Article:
Middle-east Arab News Opinion | Asharq Al-awsat

Opinion: Respecting the Traditions of Peoples | ASHARQ AL-AWSAT English Archive 2005 -2017
Select Page
Media ID: 55354130

One of the distinguishing features of Ramadan and Eid Al-Fitr 2016 is the importance accorded by department stores like Marks and Spencer and supermarkets such as Sainsbury’s to the tastes and preferences of Muslims and their rituals. Although Muslims make up only 5% of the population in the UK, their purchasing power, or rather, their annual expenditure is about £20 billion. Economists estimate that Muslims will have spent more than £484 billion by 2019.

Corporate companies selling consumer goods took advantage of this and came together to put on an Islamic festival at the famous Olympia London. Muslims and non-Muslims alike could buy and eat various food that was prepared in front of them at their request and according to their instructions. They could eat and drink palatable and tasty food and drink after opening their fasts. There was food that could be consumed immediately, taken home or delivered. Money is everything. Why not?

In other parts of the building, Islamic fashion designed by Christians, Jews, Hindus and Muslims from all sects and nationalities was displayed. Where there is a lucrative market, feuds and objections disappear. It appears that companies aspired to spread the Islamic tradition, even among non-Muslims. Girls were shown how the headscarf and abayas (robe-like dresses) of various exotic designs were worn. There is no doubt that some types of headscarves require lessons in how to be worn in order for their stunning designs to be shown.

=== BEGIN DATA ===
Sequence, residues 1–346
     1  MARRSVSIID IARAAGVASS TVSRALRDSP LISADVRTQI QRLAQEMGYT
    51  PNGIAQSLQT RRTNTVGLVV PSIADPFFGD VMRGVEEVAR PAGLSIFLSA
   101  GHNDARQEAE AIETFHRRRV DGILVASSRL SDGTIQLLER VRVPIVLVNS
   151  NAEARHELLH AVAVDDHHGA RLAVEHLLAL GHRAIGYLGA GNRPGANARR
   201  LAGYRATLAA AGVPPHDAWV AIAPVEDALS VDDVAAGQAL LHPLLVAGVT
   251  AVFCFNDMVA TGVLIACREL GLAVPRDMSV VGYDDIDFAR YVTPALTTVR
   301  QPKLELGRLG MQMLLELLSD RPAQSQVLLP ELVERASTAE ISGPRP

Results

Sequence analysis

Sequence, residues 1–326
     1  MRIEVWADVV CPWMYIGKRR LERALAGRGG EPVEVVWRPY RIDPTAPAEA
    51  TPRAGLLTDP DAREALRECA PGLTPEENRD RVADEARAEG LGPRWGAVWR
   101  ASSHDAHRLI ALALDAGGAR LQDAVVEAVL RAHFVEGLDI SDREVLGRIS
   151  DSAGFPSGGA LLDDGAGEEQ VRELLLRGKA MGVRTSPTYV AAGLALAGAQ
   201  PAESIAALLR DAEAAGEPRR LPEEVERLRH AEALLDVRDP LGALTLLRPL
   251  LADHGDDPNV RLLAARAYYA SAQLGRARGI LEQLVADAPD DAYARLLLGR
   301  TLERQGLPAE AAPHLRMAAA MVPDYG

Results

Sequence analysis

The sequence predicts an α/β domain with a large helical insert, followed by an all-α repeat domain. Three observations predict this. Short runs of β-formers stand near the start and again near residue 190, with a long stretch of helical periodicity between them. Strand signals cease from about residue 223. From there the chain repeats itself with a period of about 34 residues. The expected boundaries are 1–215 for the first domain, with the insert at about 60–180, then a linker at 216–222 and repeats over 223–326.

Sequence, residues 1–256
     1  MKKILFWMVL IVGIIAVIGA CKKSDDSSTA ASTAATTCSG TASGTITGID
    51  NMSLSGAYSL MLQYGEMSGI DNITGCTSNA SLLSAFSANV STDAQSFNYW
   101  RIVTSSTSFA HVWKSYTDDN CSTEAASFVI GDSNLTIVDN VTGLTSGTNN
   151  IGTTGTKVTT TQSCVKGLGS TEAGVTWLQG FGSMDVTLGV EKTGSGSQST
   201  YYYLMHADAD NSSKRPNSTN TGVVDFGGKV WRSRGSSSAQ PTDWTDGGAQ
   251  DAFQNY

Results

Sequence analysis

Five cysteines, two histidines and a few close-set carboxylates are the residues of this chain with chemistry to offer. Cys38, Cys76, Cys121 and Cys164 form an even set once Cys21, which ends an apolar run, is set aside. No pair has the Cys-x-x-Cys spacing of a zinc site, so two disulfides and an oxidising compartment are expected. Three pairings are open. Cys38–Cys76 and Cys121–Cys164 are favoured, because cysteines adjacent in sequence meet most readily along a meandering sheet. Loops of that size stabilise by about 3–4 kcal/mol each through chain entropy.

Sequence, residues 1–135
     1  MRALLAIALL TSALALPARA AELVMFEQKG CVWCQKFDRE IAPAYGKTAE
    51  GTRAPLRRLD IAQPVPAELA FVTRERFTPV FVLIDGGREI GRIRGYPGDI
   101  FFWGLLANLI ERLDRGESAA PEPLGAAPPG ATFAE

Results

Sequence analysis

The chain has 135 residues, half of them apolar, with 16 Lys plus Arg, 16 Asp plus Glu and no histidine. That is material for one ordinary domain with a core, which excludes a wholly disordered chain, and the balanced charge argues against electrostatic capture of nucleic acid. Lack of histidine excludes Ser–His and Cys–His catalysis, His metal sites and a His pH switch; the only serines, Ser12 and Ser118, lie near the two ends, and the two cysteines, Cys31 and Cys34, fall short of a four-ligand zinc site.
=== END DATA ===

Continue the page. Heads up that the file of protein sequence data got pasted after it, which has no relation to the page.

Some designers showed great skill in designing underwear for Muslim women. Swimsuits that cover the entire body but do not impede swimming, and wedding dresses in different colours were showcased. Outstanding dresses compatible with Islamic heritage and even inspired by Islamic history were seen on the catwalk.

Catering companies and food suppliers sought to promote some traditional English, Scottish, Welsh and Cornish dishes and adapt them to Islamic tastes and dietary requirements. Halal cottage pies, sausages, Cornish pasties and beef pies were available. In fact, many of these halal dishes can be found in supermarkets such as Sainsbury’s, Marks and Spencer, Waitrose and even Co-op. You will find the word “Halal” printed on the shelves and even “Ramadan Mubarak” written in Diwani style calligraphy during the holy month.

The issue of halal and haram has presented some problems in Britain. The law necessitates the slaughter of an animal only after it has been stunned. Some scholars feel that this is incompatible with halal slaughter. Food companies have started to try and reach a compromise on this matter. Of course, this will open the door to cheating and manipulation. For this reason, a committee was established to supervise and inspect halal food. I cannot but express my absolute admiration for the efforts of the English to respect the traditions and heritage of peoples. Britain is a country of tolerance and freedom and is perhaps the only country where women are free to cover and uncover their heads and faces as they please.